President Donald J. Trump’s disruptive America First agenda was nowhere on greater display than in the realm of trade policy, where he launched a trade war with China, imposed tariffs on U.S. allies, and renegotiated major trade agreements.
President-Elect Joe Biden has slammed Trump’s approach but likewise hammered China’s unfair practices and criticized unrestrained globalization. His “foreign policy for the middle class” promises no new trade talks until Washington undertakes massive domestic investments.
What has Trump done on trade?
Trump took aim at a global trading system he said was rigged against U.S. interests and responsible for large trade deficits, declining U.S. manufacturing, and the offshoring of American jobs.
His administration’s major moves included:
Withdrawal and disengagement. He withdrew from the Barack Obama administration’s Asia-Pacific trade deal, the Trans-Pacific Partnership (TPP), and halted talks on a comprehensive U.S.-European Union trade deal. He also crippled the World Trade Organization’s (WTO) dispute resolution body by blocking new appointments and threatened outright withdrawal.
Renegotiation. He renegotiated the North American Free Trade Agreement (NAFTA) with Canada and Mexico, now known as the U.S.-Mexico-Canada Agreement (USMCA), as well as the U.S.-Korea Free Trade Agreement with South Korea. He also negotiated a limited deal with Japan, which his administration called a first step toward a broader agreement.
Tariffs. He applied broad tariffs on steel and aluminum from around the world, including Canada and Europe, which the administration argued was necessary on national security grounds to combat Chinese overproduction. He also imposed tariffs on some EU consumer goods and threatened them on EU auto imports.
China trade war. He entered into a protracted trade war with China that included tariffs on hundreds of billions of dollars worth of Chinese imports, economic retaliation from Beijing, and start-and-stop negotiations.
Talks with China eventually resulted in a “phase one” deal in which Beijing pledged to buy an additional $200 billion worth of U.S. agricultural products; so far it has not kept up that agreement. The bilateral trade deficit with China has held steady, even as the overall trade deficit has reached a fourteen-year high. The USMCA, meanwhile, passed with broad bipartisan support in Congress after Democrats negotiated stronger labor and environmental provisions.
What has Biden proposed?
During his presidential campaign, Biden sought to chart a course somewhere between Trump’s trade wars and an uncritical acceptance of free trade.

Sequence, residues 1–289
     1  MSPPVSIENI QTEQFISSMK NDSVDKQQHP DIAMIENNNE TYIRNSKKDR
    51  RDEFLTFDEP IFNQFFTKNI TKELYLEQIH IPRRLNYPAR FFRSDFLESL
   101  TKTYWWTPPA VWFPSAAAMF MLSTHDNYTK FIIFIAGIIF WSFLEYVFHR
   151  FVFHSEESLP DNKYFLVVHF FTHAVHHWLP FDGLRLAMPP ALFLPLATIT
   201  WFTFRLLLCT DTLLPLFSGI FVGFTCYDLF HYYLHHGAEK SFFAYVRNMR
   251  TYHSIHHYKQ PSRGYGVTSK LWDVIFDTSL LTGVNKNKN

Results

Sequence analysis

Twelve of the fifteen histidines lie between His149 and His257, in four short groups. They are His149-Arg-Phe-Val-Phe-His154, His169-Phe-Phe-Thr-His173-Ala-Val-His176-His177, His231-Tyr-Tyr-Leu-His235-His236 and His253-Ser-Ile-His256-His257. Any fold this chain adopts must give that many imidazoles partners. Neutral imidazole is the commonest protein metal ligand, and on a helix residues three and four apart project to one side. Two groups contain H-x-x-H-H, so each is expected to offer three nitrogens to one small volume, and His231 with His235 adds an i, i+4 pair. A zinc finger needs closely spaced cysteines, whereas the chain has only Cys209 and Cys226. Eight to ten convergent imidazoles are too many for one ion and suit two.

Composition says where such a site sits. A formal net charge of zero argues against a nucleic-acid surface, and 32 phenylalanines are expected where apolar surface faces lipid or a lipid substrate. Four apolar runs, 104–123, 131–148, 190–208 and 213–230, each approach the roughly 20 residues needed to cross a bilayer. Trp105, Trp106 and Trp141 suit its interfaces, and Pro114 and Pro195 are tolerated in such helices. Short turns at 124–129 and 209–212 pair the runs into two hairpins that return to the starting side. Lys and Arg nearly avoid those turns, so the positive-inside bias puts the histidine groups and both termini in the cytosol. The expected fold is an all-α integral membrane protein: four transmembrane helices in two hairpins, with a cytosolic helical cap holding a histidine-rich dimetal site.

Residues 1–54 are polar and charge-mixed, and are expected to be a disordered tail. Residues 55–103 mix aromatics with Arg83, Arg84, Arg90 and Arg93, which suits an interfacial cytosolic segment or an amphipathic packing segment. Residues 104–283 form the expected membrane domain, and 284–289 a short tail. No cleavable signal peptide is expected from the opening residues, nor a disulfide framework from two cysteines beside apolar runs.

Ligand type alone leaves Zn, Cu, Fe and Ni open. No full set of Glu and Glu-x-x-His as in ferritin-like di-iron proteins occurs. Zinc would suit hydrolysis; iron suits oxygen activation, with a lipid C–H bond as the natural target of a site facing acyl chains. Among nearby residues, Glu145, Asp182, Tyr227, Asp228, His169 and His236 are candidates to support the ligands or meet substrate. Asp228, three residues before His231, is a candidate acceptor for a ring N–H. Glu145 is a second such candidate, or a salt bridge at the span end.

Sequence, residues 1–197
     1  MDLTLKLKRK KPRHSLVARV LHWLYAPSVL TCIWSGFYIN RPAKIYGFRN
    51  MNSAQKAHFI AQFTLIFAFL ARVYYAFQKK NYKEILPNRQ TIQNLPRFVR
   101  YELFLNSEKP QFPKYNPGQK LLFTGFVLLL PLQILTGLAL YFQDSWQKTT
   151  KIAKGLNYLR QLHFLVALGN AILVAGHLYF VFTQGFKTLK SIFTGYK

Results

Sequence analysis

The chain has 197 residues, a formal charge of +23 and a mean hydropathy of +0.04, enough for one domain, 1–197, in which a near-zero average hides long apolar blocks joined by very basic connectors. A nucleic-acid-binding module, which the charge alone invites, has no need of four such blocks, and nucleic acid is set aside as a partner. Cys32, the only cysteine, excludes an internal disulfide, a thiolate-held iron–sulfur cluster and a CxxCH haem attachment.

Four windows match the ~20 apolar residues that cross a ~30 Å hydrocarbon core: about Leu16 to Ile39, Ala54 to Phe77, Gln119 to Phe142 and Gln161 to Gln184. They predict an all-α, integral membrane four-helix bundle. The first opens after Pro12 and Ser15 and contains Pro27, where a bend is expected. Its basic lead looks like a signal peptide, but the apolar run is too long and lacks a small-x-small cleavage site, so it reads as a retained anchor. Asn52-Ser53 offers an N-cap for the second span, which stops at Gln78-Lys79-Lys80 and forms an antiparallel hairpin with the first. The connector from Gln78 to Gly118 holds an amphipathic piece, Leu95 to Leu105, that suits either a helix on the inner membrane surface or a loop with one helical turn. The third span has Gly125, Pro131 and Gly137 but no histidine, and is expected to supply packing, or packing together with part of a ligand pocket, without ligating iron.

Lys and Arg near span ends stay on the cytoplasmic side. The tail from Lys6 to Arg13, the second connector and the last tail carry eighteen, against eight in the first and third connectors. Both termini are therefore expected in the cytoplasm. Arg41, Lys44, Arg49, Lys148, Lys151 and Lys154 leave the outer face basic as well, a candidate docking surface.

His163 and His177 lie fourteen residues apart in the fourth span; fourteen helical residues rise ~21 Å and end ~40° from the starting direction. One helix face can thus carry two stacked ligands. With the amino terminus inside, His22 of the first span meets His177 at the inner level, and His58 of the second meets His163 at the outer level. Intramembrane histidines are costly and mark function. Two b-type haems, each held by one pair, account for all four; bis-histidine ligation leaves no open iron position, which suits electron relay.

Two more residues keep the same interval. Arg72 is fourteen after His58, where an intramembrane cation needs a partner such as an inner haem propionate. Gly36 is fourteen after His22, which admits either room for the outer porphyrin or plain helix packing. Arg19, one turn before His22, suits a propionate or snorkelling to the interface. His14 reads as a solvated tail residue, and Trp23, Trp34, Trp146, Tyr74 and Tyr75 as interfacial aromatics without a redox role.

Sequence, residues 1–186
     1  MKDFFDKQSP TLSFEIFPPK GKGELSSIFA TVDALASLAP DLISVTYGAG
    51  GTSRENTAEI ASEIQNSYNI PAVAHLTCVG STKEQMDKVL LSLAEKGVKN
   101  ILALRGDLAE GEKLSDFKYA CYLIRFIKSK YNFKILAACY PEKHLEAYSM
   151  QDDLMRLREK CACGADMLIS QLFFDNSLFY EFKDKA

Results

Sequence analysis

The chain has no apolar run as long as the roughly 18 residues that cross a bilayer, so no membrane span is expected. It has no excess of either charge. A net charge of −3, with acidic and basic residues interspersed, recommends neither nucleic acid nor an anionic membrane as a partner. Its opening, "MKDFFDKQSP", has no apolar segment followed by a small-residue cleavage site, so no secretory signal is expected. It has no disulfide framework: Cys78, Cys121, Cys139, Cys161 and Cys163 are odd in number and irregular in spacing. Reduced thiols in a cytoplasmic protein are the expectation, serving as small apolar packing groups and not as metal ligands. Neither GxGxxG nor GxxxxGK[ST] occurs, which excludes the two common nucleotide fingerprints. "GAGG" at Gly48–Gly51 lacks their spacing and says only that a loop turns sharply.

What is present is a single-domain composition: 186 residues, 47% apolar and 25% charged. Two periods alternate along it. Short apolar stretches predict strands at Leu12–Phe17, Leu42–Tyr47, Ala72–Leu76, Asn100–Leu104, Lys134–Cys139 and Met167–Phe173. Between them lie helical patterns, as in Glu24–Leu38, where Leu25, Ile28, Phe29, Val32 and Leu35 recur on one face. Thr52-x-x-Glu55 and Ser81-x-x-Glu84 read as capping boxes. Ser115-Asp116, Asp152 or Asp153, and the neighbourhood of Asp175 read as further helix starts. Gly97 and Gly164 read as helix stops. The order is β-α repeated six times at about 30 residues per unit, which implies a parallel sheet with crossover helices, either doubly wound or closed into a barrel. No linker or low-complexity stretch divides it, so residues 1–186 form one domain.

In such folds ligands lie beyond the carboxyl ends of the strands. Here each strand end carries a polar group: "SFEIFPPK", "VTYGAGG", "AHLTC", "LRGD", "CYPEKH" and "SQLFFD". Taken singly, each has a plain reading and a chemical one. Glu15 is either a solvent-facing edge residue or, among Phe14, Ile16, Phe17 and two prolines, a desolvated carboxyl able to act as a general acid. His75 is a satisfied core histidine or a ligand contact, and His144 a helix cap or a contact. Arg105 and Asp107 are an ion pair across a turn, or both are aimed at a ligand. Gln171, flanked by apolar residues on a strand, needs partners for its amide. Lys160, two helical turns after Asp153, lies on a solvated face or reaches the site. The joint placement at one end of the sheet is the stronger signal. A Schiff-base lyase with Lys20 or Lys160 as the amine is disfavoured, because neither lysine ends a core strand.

He hammered Trump’s go-it-alone approach, arguing that Washington must “write the rules of the road” on trade within the existing international system. He has long been a supporter of trade liberalization: as vice president he championed the TPP, and as a senator he voted for NAFTA and China’s entry into the WTO.
But he has also voted against trade deals that he saw as weak on workers’ rights and environmental protections, such as one with Peru in 2006. And some of his rhetoric on China echoes Trump’s, calling for “aggressive” retaliation against Beijing’s trade cheating.
The main difference is that Biden promises to unite with U.S. allies, such as the EU, in a common front against China. But with Biden making no promises on ending existing tariffs on EU products, that could be a challenge. A recent EU-China investment treaty could also undermine Washington’s coordination with Brussels.
What does “foreign policy for the middle class” mean?
This is Biden’s slogan for an approach to foreign affairs that will purportedly measure any policy by what it does for middle-income families. The approach is fleshed out in a recent report coauthored by Biden’s pick for national security advisor, Jake Sullivan.
It argues that globalization has increased inequality, accelerated deindustrialization, and failed to boost U.S. productivity. As a result, Biden promises to focus on domestic priorities to boost U.S. competitiveness, including by investing trillions of dollars into energy, education, and infrastructure; implementing federal “Buy American” policies to favor domestic producers; and strengthening workers’ bargaining power.
“Until now, trade negotiations were aimed at securing business opportunities for U.S. companies first, and to a lesser extent, to lower prices for U.S. consumers,” explains CFR’s Edward Alden. “There is no concept of lifting the middle class in the current structure. It will be a different set of priorities.”
What comes next?
Once in office, Biden and his nominee for U.S. trade representative, Katherine Tai, will have many decisions to make. Biden says he won’t immediately lift Trump’s China tariffs, arguing that Washington needs to keep its leverage with Beijing for now.
Then there are the fates of various trade deals—which include not only the question of whether to rejoin the TPP, but also whether to restart defunct U.S.-EU negotiations and to continue trade talks Trump started with Kenya and the United Kingdom. Biden will also have to decide how to proceed with the selection of the next WTO director-general and revamping the WTO dispute process—a controversy that predates Trump.
Looming over all of this is the July 2021 expiration of Trade Promotion Authority, or fast-track legislation that gives the White House expanded trade negotiating powers. If TPA is not renewed, any new deals could face an uphill battle in Congress.